- The Washington Times - Friday, September 9, 2022

Lt. Gov. John Fetterman’s stroke is planting seeds of doubt in the minds of voters about him being healthy enough to be their voice in Washington.

But, in a lucky break for the Democratic hopeful, those concerns — which have been fueled by his lack of public appearances — are being placated by the deep-seated skepticism about Mehmet Oz’s long-standing ties to neighboring New Jersey. 

It is an underlying challenge facing Mr. Oz, the Republican nominee for Senate.

“To most Pennsylvanians, health issues are a part of our lives, our family’s lives and everybody can relate in some ways to those challenges,” said Christopher P. Borick, professor of political science and director of the Muhlenberg College Institute of Public Opinion. “Not everyone can relate to a candidate seeking to represent Pennsylvania without lots of ties to the state, and residency in New Jersey and homes in California.

“As voters think about what matters to them, they might give a pass to someone recovering from a major health threat and not give a pass to someone who is trying to represent them without necessarily being among them.”

That point surfaced in a recent Emerson College poll in which 22% of voters  — 10% of Democrats, 29% of Republicans, and 35% of independents — said they were less likely to support Mr. Fetterman because of his stroke.

Voters, though, were more concerned with Mr. Oz’s connection to New Jersey with a majority of the respondents —  75% of Democrats, 23% of Republicans, and 51% of independents — saying they are less likely to support Mr. Oz because of his longtime New Jersey residency.

“Oz’s Jersey residence is a more potent partisan problem than Fetterman‘s stroke,” said Spencer Kimball, director of Emerson College polling.

Mr. Fetterman suffered a stroke in May days before he won the Democratic primary. He returned to the campaign in mid-August and has since made few public appearances. 

Mr. Fetterman has acknowledged lingering speech issues and difficulty with auditory processing, but insists he is fully capable of being a senator. 

And yet, he has mostly controlled the narrative by reminding voters over and over again that Mr. Oz is a transplant from New Jersey. He is also casting his rival as an out-of-touch television celebrity.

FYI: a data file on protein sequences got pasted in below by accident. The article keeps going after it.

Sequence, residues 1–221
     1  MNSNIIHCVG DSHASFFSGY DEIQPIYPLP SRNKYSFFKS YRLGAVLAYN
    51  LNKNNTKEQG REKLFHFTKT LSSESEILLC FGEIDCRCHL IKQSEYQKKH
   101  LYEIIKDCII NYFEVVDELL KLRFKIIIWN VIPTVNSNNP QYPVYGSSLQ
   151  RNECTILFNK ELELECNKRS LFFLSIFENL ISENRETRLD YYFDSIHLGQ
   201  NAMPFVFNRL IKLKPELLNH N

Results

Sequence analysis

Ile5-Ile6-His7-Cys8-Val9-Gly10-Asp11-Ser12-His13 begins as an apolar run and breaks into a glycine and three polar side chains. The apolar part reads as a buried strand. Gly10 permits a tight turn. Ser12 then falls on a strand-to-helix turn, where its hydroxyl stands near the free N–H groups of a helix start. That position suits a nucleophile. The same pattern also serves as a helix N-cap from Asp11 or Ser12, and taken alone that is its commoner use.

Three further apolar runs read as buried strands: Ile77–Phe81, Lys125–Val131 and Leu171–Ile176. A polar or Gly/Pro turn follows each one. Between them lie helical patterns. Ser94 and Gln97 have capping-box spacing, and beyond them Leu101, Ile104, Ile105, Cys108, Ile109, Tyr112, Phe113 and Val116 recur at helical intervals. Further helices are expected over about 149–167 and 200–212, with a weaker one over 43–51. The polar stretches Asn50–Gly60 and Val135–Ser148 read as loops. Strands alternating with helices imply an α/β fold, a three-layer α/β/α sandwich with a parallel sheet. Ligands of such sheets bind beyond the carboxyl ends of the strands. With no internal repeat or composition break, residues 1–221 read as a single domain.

Mr. Fetterman holds a 6-point lead over Mr. Oz two months out from Election Day and there has been a sense the race could be slipping away from the Republican.

Mr. Oz has ramped up the pressure, challenging Mr. Fetterman to a series of debates and pushing him to come clean about his lingering health issues.

It is touchy political territory.

Republicans faced a similar situation in the 2008 election after Sen. Tim Johnson of South Dakota suffered a major brain hemorrhage two years earlier that affected his speech and forced him to travel around the Capitol in a motorized scooter.

Heading into the election, Mr. Johnson was well-liked but also considered among the most vulnerable Democrats in the nation. His Republican rival demanded that he prove he was fit for the job. While voters shared those concerns, Mr. Johnson’s perseverance also inspired them.

Mr. Johnson ended up winning in a landslide.

Larry Sabato, of the University of Virginia’s Center for Politics, said the political world has since changed, recalling how then-President George W. Bush said he was praying for Mr. Johnson’s recovery in his 2007 State of the Union Address.

“That was a different era, a more genteel bipartisan era, at least when public officials had a health challenge,” Mr. Sabato said.

Charlie Gerow, a GOP strategist, said raising questions about a candidate’s health is fair game, especially in 2022.

“The world is a lot more open about everything and increasingly so,” Mr. Gerow said.  “Voters want to know more about the candidates, not just their views on issues, but their personal health and finances and all sorts of things, some of which used to be considered off-limits.”

Mr. Gerow said it is a “delicate issue.” 

“Every Pennsylvanian wishes John Fetterman every success with his recovery and hopes he is 100%, but if he is not, they have the right to know,” he said.  “If you frame it in that way it is serious and dignified and not mean-spirited.”

The Oz campaign has tried to make that point with mixed results. He scored unwanted headlines last month after a campaign spokesperson, in a snarky back-and-forth over the Republican’s gripes about the price of crudité, said: “If John Fetterman had ever eaten a vegetable in his life, then maybe he wouldn’t have had a major stroke and wouldn’t be in the position of having to lie about it constantly.”

Mr. Oz has since honed in his line of questioning, suggesting Mr. Fetterman is either using his stroke as an excuse to avoid voters or he is too sick to debate.

In an email blast Friday, Mr. Oz said Mr. Fetterman is ducking debates “to hide his health status and/or his radical views on releasing one-third of Pennsylvania’s inmate population.”

Mr. Borick said the message is risky.

“They are hunting for that counter to the big outsider punch he has taken, and they are at risk of having a response that does more harm than good,” he said. “That carpetbagger issue is pretty potent and is going to be a hard one to overcome.”

• Seth McLaughlin can be reached at smclaughlin@washingtontimes.com.

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